The UK's withdrawal from the EU threatens equality of rights on the island of Ireland protected under the Good Friday Agreement, it has been warned.
A joint committee established under the peace accord to consider human rights issues on the island has insisted that the Withdrawal Agreement provides for the continuing North-South equivalence of rights, post-Brexit, as established under the 1998 Agreement.
The committee, which is made up of the Northern Ireland Human Rights Commission and the Irish Human Rights and Equality Commission, also called on the EU to seek a legal commitment to retain the Charter of Fundamental Rights in Northern Ireland after the UK leaves the European Union.
It has warned that without the "urgent implementation of safeguarding measures, the EU Withdrawal Agreement risks causing a difference in rights protections on a North-South basis, contrary to the Belfast Agreement".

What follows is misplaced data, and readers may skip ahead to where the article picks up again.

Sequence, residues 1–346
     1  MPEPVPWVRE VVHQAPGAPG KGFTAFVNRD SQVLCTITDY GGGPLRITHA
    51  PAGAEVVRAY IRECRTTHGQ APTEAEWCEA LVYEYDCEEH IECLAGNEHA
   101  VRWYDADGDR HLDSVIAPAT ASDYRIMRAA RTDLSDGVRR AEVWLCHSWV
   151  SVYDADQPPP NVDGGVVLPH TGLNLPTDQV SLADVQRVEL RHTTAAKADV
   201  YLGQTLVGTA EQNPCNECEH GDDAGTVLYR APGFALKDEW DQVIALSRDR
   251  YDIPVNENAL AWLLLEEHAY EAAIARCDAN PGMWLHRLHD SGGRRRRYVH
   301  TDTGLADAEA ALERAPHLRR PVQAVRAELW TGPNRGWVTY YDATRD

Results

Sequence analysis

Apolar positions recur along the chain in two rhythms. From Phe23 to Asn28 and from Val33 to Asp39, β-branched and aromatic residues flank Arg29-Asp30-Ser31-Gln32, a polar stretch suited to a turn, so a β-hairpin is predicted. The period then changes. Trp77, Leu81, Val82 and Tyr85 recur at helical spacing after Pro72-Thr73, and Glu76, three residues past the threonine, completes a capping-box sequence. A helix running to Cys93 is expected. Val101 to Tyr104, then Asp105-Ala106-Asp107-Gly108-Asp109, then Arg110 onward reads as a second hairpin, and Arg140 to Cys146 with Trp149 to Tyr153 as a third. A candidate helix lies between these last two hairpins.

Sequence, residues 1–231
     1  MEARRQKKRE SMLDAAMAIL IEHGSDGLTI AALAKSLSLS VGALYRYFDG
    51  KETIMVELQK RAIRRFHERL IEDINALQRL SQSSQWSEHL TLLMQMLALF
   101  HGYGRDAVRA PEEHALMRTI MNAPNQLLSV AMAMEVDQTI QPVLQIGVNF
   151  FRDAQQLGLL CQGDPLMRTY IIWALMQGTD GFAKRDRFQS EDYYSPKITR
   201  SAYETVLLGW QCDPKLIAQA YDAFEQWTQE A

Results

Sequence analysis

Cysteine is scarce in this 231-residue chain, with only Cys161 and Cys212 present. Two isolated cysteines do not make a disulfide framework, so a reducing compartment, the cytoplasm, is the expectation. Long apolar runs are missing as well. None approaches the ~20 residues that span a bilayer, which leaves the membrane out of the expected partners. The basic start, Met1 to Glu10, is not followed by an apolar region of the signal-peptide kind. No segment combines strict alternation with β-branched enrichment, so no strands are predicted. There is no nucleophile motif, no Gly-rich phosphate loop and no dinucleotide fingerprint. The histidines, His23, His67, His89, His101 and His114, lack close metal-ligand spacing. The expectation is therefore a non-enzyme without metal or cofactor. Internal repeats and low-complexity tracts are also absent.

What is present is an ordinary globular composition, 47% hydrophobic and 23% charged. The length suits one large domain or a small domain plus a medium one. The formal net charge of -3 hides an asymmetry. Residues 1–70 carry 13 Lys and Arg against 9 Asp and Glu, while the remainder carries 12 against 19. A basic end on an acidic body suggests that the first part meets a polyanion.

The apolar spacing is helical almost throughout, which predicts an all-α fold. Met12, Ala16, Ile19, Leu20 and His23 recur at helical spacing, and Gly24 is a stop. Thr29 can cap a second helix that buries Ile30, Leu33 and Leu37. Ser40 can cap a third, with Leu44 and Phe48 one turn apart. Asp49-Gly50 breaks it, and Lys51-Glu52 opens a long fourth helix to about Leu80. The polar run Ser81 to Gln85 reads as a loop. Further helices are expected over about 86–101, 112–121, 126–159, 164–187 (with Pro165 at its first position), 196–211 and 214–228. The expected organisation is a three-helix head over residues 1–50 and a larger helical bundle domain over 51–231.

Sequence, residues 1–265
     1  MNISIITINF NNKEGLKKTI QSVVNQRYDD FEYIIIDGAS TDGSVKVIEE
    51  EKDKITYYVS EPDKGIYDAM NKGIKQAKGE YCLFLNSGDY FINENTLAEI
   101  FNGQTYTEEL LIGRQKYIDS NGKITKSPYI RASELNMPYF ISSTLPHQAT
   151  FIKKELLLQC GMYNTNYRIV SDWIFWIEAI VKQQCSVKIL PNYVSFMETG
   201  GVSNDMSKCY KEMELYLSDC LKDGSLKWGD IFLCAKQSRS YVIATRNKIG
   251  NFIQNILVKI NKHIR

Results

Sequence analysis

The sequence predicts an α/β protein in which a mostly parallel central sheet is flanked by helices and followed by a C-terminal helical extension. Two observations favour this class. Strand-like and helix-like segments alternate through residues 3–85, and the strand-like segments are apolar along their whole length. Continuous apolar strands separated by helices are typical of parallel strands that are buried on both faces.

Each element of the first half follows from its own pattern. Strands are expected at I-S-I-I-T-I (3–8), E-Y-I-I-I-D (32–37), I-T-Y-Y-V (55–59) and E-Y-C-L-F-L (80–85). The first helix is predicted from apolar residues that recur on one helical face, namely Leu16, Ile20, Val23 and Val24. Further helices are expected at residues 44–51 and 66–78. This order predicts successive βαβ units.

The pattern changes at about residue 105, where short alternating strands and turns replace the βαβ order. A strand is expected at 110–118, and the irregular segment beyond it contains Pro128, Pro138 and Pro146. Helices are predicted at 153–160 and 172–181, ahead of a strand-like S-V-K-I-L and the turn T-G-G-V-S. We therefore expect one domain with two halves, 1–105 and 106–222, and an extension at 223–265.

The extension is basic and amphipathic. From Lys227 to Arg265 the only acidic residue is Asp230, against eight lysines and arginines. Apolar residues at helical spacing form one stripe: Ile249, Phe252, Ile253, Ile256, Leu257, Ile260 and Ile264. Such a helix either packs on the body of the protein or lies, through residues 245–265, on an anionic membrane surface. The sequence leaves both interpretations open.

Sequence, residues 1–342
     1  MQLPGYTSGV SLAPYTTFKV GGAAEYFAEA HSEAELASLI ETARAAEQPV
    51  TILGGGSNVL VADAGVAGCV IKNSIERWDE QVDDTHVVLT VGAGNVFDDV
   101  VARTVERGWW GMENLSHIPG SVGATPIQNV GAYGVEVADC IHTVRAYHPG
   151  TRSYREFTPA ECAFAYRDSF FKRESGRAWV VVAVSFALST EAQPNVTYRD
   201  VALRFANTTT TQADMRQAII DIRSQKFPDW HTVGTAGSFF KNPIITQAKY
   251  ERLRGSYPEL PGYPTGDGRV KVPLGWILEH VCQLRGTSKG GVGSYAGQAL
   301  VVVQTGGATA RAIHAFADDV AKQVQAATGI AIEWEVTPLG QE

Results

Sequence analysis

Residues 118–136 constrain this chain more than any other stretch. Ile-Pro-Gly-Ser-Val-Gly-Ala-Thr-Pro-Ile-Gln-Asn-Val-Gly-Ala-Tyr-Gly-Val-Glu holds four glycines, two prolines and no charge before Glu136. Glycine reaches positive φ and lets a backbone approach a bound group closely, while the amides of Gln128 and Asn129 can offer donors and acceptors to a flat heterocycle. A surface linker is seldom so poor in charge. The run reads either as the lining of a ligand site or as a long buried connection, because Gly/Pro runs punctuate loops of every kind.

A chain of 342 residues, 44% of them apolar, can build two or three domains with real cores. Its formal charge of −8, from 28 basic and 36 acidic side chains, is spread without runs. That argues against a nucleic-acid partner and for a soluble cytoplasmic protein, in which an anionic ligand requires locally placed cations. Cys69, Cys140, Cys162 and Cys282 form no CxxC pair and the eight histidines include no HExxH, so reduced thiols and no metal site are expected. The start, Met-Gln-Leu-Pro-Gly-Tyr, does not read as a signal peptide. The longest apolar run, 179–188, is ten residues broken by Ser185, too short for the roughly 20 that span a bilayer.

A policy statement from the committee directed to the UK and Irish Governments outlines six requirements for the final EU Withdrawal Agreement to meet the obligations of the Good Friday Agreement.
Emily Logan, chief commissioner of the Irish Human Rights and Equality Commission, said: "The peace process was built on a shared vision of equal rights and equal respect on the island of Ireland, as framed by the Belfast Agreement.
"We are now seeking assurances from the UK and Irish Governments that no rights are diluted as a result of Brexit."
Les Allamby, chief commissioner of the Northern Ireland Human Rights Commission, warned: "Progress towards a lasting resolution of the conflict in Northern Ireland has been grounded in the provisions of the 1998 Agreement.
He added: "We will continue to assist both the UK and the Irish governments as we move through this process, as we want the best deal for human rights for everyone in Northern Ireland going forward."